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Civil engineers are lame.. Basically watered down "mech men"

Answered like a real "Civ man"

A mech-man would answer it different.
More like this:

Put the car into basic shapes and get the Moment of Inertia equations for each of those shapes then combine them.. (Parallel axis theorem etc).. It is a tall order because of complex object like the engine and the body of the car. which have many sub-parts with different densities.

Because of the complexity I think it's best to find it by computer model or by experiment.

Experimental example (just out of my head.. I don't know if people do this):

Put the car on some rotational rig and spin it around..accelerate it or spin it then slow it down with a brake. Then measure the angular acceleration/deceleration and the accelerating torque/braking torque.

Then using

Torque = I x alpha

you can get the Moment of Inertia around the rotation axis.
"I was blessed with the ability to understand how cars move," he explains. "You know how in 'The Matrix,' he can see the matrix? When I'm driving, I see the lines."
n smikle
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Joined: 12 Jun 2008

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Beautiful! Take it from an old-geezer, you're my kind of guy smikle!
Last edited by xpensive on Thu Aug 20, 2009 5:33 am, edited 1 time in total.
"Bernoulli is a nine-letter name"
xpensive
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Joined: 22 Nov 2008

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It is possible to derive sprung mass pitch moment of inertia directly from a four post rig test.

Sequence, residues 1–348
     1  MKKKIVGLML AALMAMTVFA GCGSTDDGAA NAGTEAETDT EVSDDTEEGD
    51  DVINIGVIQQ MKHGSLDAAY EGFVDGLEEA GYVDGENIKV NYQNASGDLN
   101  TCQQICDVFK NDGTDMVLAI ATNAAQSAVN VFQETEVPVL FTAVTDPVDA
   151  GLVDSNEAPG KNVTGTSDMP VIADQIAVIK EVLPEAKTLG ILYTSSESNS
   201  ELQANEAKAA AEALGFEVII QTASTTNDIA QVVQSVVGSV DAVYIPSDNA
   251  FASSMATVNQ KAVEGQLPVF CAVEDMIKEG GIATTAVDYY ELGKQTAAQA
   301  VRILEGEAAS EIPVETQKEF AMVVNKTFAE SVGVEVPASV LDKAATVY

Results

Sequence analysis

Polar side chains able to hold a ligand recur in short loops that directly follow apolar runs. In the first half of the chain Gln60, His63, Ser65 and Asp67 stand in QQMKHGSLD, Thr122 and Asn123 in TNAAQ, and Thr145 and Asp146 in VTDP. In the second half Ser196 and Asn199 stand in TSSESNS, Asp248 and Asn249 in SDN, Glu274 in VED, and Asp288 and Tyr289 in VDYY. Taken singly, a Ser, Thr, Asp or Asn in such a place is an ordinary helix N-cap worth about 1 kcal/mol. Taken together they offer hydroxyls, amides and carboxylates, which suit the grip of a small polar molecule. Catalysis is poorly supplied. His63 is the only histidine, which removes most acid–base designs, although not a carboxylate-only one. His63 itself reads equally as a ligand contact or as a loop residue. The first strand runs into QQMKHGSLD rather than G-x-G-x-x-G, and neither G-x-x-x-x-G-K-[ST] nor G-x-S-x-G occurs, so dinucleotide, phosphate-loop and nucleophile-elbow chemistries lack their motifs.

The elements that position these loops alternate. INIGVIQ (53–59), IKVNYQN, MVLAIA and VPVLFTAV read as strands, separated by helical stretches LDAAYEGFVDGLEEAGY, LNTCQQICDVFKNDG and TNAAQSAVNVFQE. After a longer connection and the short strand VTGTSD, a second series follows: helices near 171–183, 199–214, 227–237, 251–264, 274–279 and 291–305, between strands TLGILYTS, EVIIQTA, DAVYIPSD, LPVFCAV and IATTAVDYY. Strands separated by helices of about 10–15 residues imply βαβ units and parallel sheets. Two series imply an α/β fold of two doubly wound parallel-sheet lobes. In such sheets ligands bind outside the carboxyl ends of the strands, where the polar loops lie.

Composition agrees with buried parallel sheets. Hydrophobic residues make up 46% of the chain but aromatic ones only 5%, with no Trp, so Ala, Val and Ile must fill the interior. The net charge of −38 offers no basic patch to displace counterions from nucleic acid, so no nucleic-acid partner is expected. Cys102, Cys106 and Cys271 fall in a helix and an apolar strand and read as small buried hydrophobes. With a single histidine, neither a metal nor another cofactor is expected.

Not sure about other rigs, but it will be computed automatically when using either of Multimatic's rigs (one in Thetford, UK, the other in Toronto, Canada) when it is used to help to set-up the suspension of any vehicle (road or race).

It is relatively simple to estimate overall vehicle yaw inertia from derived inertia parameters (sprung & unsprung masses, longitudinal c.g. position & sprung mass pitch inertia).

Such "basic" information can sometimes be surprisingly useful. For example, one customer discovered that installing ballast in the right place made success ballast a benefit, rather than a handicap (lap times were better with success ballast).
DaveW
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Joined: 14 Apr 2009

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xpensive wrote:Beautiful, coming from an old-geezer engineer, you're my kind of guy smikle!

I sound like and old geezer? lol I just finished school last year!
"I was blessed with the ability to understand how cars move," he explains. "You know how in 'The Matrix,' he can see the matrix? When I'm driving, I see the lines."
n smikle
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Joined: 12 Jun 2008

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My last post was poorly written, I'm the old-geezer around here.
"Bernoulli is a nine-letter name"
xpensive
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Joined: 22 Nov 2008